Sunday, November 25, 2012

GB Glace Lakulätkä Lakrits Puck

It was Thanksgiving Weekend here in the states, and one thing that I'm thankful for is that I'm no longer in Sweden. You see, I've been traveling quite a bit these past several months and Sweden was unfortunately on my itinerary. It's not that I have a problem with Sweden, the Swedes, or even Swedish Meatballs, it's that Sweden is right next to the dreaded homeland of Salmiak: Finland.

Fortunately, I was as far away from Finland as possible (Malmö), but I could not escape the long arm of Finnish delicacies. On my way back to Denmark, I stopped at the grocery store at the train station to find an absurd amount/variety of yogurt, a strange obsession with condiments in metal tubes, and – as you probably guessed – plenty of salmiak.

One thing that caught my eye was in the freezer section. Amongst a bunch of seemingly good-tasting ice cream treats, I spotted this:

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My Swedish is a little rough, but "Lakulätkä Lakrits Puck" roughly translates to "ground-up hockey puck", and is apparently how they describe the flavor of salty licorice. After confirming that the ingredienser did indeed list salmiak, I opened up the package to find this appropriately hockey-puck shaped ice-cream bar.

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I figured that nothing could ruin ice cream, so I took a big bite of the Lakulätkä. I figured wrong. The ice cream portion of the bite melted pretty quickly, leaving a half-melted candy coating to chew on. It was a lot like those chocolate-covered icecream bars, except that it was covered in awful.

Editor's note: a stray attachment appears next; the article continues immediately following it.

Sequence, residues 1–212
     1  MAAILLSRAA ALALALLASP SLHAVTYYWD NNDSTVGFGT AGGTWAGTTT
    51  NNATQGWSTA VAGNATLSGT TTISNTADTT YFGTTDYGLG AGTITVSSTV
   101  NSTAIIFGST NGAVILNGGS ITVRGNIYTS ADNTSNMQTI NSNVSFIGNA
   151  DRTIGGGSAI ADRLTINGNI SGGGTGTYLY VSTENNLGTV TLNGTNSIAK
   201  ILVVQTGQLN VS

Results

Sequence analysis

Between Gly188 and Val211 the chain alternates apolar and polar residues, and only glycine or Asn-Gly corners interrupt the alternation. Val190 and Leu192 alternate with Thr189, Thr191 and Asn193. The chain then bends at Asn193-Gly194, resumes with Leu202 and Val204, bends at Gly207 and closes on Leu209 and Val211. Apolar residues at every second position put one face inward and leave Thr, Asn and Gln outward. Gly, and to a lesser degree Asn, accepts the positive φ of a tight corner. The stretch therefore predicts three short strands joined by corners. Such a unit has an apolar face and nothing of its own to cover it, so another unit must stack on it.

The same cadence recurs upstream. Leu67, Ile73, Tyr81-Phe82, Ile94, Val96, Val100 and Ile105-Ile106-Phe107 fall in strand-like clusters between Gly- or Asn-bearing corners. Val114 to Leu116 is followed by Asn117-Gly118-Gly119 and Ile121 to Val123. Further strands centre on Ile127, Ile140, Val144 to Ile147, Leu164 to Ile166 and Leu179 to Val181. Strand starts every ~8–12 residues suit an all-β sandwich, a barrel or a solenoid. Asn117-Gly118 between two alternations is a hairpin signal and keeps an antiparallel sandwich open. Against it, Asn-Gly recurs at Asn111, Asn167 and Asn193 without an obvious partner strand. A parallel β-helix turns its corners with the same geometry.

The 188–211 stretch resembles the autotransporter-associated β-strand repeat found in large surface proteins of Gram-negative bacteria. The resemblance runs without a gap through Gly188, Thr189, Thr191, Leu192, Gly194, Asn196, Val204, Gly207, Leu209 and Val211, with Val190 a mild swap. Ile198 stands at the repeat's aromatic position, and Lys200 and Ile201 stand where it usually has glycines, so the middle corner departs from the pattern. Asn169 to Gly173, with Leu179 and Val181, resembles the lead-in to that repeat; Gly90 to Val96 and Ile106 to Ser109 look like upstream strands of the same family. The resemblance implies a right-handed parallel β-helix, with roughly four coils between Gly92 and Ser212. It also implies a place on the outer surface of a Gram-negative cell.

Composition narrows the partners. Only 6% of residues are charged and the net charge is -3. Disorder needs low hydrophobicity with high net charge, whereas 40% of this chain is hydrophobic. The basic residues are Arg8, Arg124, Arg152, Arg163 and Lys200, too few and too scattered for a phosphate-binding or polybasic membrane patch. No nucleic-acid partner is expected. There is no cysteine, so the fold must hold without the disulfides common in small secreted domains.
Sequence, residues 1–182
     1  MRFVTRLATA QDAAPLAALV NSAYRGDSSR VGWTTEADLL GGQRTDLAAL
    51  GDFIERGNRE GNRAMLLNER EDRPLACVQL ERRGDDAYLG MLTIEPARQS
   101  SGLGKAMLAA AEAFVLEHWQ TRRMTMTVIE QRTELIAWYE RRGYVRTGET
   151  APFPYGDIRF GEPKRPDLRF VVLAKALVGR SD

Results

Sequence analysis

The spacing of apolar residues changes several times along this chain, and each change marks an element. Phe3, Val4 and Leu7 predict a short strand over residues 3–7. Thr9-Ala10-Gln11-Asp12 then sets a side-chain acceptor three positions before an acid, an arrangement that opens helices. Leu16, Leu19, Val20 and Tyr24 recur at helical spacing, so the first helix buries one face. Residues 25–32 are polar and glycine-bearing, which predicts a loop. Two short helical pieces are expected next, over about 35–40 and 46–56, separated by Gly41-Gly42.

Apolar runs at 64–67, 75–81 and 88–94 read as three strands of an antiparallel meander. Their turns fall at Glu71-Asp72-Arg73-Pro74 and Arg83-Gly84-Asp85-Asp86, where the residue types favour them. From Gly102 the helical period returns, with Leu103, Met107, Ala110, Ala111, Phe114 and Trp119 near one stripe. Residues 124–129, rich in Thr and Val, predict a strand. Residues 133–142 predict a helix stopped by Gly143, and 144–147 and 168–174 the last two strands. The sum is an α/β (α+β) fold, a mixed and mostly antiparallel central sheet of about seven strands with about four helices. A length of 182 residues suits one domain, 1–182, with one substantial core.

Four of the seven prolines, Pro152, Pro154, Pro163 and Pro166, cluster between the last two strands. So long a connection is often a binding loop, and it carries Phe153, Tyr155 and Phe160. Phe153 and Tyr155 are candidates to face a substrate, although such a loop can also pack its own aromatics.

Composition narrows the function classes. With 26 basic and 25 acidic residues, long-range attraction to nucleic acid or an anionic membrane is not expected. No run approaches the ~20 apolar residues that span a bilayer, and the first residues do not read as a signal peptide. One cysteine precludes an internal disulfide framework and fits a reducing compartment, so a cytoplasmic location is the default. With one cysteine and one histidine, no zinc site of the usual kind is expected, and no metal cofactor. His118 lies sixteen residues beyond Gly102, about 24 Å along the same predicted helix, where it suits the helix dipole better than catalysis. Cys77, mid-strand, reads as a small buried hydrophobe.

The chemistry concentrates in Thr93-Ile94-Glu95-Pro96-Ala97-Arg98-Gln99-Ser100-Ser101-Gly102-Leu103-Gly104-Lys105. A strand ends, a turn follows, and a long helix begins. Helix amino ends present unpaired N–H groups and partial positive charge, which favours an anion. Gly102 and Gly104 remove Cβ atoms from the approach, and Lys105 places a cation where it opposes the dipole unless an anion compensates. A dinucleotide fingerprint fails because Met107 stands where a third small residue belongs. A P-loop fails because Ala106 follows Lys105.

The candy coating had an impressively strong taste that came roaring in after a few seconds. I was a bit hungry, so I took another bite figuring that the taste couldn't get any worse. And once again, I figured wrong. The taste of cheap salmiak candy coating quickly overwhelmed me, and I threw the remainder of the puck in the nearest rubbish bin.

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The taste stayed with me halfway to Copenhagen, and took nearly half a pack of gum to finally rid myself of. Considering that the Lakulätkä Lakrits Puck was mostly ice cream, I'll rate it as almost edible.

10 comments:

  1. At least you knew what to expect, unlike this one: http://www.emptytriangle.com/archive/41

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  2. Eventhough this really is a swedish product, it really is one of my favourite icecreams. Delicious mmm :P~

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  3. Ahh! The good old hockey puck ice cream. When we visited Sweden (from Norway) during summer holidays we always bought that one. Haven't tasted it since I was a kid.

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  4. Bah, you should have visited Finland on your way. On that thing the ice cream doesn't actually taste like salmiak :)

    https://www.youtube.com/watch?v=nJBBakWOeEQ

    Maailman vihatuin = World's most hated
    Suomen rakastetuin = Finland's most loved

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  5. It looks like there's vanilla ice-cream inside and just the coating is salmiak... There's also that kind of ice-creams where under the coating there's salmiak-ice-cream http://lh5.ggpht.com/-p6DbSAnxl4E/TkZ2LPnKk9I/AAAAAAAAAXY/Be_9GK2FBY4/DSC02563.jpg (the picture isn't mine) Even tho i love salmiak and ice-cream, they shouldn't mix and i don't eat those, they're terrible.

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  6. You monster! Throwing away a perfectly good ice cream.

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  7. Lakulätkä sounds Finnish to me, it's definitly not Swedish anyway.

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  8. Lakulätkä is finnish. Laku is a shorter name for lakritsi, which means licorice. And lätkä means hockey, so the translation for lakulätkä is licorice-hockey :D and that's a good ice-cream! :D

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  9. You definitely should have visited Finland, the land of salmiakkikossu. Savouring the subtleties of salmiak and Finnish vodka mixed together... Ahh.

    It's like our local tequila, but all self-contained: no need for salt nor lime.

    BTW, lätkä also means puck.

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